Reminiscent of the Choco Island stages of the original Super Mario Kart, and the stages in Super Mario World, and paying homage to the first game like Koopa Troopa Beach in the Mushroom Cup, Choco Mountain is also a massive improvement on the Choco Island courses in a lot of different ways. First off, the name itself is a lot more relevant to the track design, which was much better developed in Mario Kart 64, containing elements such as towering mountains and slopes in the road. A more fitting name for the course was Choco Canyon, which was what the course was named in Italy, but at this point, that would be splitting hairs.
An element that I was glad to have seen taken out were the puddles of mud in the road, which in the first place didn’t do anything to add to the course’s level of challenge or scenery. The soundtrack is also far better, having more of a, old American West feel to it, which is why I believe Kalimari Desert may have worked better with this soundtrack as opposed to the one it ended up with. The course’s level of challenge is also a very positive departure from the chocolate-themed tracks in Super Mario Kart, containing a greater amount of obstacles. Specifically, there is a turn where players must avoid a series of boulders that are coming down from a mountainside on the right. Not only that, but the player must also do as well as they can to not keep on the road at that point, since there is also a pit on the left side, which players can fall into, and potentially lose places at a crucial moment in the race.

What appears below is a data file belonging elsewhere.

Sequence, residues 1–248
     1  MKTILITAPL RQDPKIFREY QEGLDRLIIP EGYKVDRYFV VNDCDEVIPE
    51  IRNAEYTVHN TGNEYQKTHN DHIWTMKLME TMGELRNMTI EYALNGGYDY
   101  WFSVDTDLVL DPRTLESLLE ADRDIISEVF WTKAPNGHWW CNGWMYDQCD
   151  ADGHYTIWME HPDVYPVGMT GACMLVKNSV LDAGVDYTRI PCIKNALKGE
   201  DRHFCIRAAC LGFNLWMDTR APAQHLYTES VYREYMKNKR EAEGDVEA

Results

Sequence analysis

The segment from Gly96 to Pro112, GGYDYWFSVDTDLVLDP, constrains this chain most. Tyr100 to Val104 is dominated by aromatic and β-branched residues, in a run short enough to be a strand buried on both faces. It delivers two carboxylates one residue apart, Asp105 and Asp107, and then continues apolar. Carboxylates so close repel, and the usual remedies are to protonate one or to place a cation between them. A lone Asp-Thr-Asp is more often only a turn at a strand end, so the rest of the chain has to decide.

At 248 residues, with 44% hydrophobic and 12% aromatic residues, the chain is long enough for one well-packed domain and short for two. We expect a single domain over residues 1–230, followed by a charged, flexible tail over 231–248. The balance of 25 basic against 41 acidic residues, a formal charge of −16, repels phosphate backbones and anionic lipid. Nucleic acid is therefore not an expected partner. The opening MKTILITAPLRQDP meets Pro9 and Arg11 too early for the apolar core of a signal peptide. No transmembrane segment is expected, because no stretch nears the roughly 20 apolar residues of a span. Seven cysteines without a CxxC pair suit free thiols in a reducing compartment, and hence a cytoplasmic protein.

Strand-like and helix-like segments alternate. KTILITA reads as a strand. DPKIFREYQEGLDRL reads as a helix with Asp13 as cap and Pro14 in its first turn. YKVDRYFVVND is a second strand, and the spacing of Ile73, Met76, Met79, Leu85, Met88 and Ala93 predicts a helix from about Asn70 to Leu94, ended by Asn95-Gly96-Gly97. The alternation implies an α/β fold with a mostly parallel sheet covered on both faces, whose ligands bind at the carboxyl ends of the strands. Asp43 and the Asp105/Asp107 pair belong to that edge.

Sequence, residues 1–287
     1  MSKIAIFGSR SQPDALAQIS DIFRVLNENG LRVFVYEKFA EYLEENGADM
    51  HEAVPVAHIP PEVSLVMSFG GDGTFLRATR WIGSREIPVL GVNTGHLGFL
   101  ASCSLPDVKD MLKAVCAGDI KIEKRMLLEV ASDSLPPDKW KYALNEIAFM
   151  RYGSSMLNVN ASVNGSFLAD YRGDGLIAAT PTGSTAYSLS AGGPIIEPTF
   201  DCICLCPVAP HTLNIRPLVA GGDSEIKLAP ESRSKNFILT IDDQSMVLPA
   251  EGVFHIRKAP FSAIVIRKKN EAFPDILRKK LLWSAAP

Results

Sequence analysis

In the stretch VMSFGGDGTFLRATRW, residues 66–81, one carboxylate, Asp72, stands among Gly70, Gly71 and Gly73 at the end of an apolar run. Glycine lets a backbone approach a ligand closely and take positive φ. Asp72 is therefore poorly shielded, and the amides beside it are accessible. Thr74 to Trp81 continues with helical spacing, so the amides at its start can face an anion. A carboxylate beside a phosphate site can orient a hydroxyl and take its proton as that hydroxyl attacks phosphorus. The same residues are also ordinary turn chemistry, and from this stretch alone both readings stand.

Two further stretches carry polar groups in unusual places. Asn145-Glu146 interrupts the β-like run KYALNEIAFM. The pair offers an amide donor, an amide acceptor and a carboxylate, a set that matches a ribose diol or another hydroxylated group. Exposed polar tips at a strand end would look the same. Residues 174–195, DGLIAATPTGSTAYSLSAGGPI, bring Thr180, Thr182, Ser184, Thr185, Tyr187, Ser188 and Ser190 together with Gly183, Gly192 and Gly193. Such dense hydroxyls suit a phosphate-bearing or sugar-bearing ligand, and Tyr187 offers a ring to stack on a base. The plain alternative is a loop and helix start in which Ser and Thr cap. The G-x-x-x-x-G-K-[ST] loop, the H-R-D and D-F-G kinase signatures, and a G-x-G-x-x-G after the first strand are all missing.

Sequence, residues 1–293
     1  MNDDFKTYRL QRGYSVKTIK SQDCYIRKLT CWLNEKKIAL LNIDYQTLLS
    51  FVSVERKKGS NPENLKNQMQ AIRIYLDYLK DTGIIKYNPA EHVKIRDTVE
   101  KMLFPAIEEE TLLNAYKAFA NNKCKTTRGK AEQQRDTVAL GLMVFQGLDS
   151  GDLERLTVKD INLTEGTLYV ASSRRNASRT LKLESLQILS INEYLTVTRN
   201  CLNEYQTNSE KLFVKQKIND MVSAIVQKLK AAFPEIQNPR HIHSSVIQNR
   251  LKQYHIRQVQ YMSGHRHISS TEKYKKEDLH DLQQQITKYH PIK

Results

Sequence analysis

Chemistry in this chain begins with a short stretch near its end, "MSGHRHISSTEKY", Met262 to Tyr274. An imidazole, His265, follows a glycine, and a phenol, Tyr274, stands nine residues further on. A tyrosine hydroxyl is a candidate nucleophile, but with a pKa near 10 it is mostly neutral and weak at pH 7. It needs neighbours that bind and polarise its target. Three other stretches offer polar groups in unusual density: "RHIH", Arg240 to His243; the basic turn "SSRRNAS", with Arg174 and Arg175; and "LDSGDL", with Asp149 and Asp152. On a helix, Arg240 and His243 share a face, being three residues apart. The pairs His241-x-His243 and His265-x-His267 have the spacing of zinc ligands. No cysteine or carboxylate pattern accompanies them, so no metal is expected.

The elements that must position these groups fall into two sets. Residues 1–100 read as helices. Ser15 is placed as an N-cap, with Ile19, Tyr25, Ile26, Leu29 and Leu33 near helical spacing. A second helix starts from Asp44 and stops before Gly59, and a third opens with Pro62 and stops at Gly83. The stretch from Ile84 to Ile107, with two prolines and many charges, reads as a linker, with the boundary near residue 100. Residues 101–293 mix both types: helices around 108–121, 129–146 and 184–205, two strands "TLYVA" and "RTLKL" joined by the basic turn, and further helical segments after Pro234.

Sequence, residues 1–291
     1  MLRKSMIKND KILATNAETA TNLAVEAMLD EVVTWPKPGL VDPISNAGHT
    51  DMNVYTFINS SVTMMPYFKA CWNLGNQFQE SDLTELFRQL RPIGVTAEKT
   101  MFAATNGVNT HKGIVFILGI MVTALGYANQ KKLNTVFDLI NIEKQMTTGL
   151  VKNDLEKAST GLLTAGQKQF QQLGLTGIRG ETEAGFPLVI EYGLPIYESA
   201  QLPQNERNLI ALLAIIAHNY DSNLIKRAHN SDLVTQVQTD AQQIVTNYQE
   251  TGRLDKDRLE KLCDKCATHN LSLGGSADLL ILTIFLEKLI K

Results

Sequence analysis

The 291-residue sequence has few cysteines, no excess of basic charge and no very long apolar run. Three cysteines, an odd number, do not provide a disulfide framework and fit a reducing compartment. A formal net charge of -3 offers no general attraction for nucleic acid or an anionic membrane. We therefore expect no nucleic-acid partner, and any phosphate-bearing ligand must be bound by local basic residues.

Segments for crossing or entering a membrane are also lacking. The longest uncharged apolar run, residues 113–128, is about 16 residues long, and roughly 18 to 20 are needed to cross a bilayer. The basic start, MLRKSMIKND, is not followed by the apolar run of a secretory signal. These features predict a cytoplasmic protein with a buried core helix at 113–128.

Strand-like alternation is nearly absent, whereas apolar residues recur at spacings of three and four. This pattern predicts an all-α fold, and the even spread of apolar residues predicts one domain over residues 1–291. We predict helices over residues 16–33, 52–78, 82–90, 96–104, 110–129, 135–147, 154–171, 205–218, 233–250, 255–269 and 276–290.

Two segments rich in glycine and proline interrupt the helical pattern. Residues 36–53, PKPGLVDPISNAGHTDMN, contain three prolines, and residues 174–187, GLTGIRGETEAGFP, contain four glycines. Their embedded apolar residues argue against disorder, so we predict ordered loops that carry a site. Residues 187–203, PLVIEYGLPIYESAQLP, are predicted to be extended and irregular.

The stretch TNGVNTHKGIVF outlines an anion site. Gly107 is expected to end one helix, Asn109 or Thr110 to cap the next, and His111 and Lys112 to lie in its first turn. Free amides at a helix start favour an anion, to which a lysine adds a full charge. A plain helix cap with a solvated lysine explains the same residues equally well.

Design – 4/5
Soundtrack – 4/5
Level of Challenge – 4/5
Unfortunately, there isn’t a great deal to say about Mario Raceway, since in terms of each individual aspect, there isn’t a great of difference between it and Luigi Raceway, and is most definitely the worst course of the Flower Cup in my opinion. Conceptually, it’s only fractionally better than Luigi Raceway, containing a little bit ore scenery throughout in the form of more billboards, oversized mushrooms, a pipe tunnel and the same display over the stand of fans at the starting line as the former course; only this time, the cap is red in homage to Mario. The soundtrack is also the same, and consequently, of the same quality; doing the decent job of establishing the overall feel of the game.
It’s level of challenge is also fractionally better than Luigi Raceway, containing a lot more turns, but not much else. There aren’t obstacles to slow players down unless they accidentally swerve off the track. Even the American description of the track in Mario Kart Wii describes the course as a means of taking things back to basics, giving even further testament to how basic this track is overall.
Design – 3.5/5
Soundtrack – 4/5
Level of Challenge – 1.5/5
In summation, though it isn’t without its flaws, he Flower Cup was most definitely an improvement on the Mushroom Cup, and indeed did a decent job of slowly introducing more intricate elements of the game, as well as offering an increased level of challenge in comparison to the previous cup. But although the conceptual design of each track was also kept consistently interesting in this tournament, it gets even better from here, as next time, I will critiquing the next tournament; the Star Cup.
Scouse Gamer 88